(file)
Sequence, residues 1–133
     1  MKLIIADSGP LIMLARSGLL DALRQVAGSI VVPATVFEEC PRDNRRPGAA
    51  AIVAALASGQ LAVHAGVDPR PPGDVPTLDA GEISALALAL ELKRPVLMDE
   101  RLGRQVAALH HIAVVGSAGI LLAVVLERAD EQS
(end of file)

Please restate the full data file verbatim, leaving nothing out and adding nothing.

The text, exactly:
Sequence, residues 1–133
     1  MKLIIADSGP LIMLARSGLL DALRQVAGSI VVPATVFEEC PRDNRRPGAA
    51  AIVAALASGQ LAVHAGVDPR PPGDVPTLDA GEISALALAL ELKRPVLMDE
   101  RLGRQVAALH HIAVVGSAGI LLAVVLERAD EQS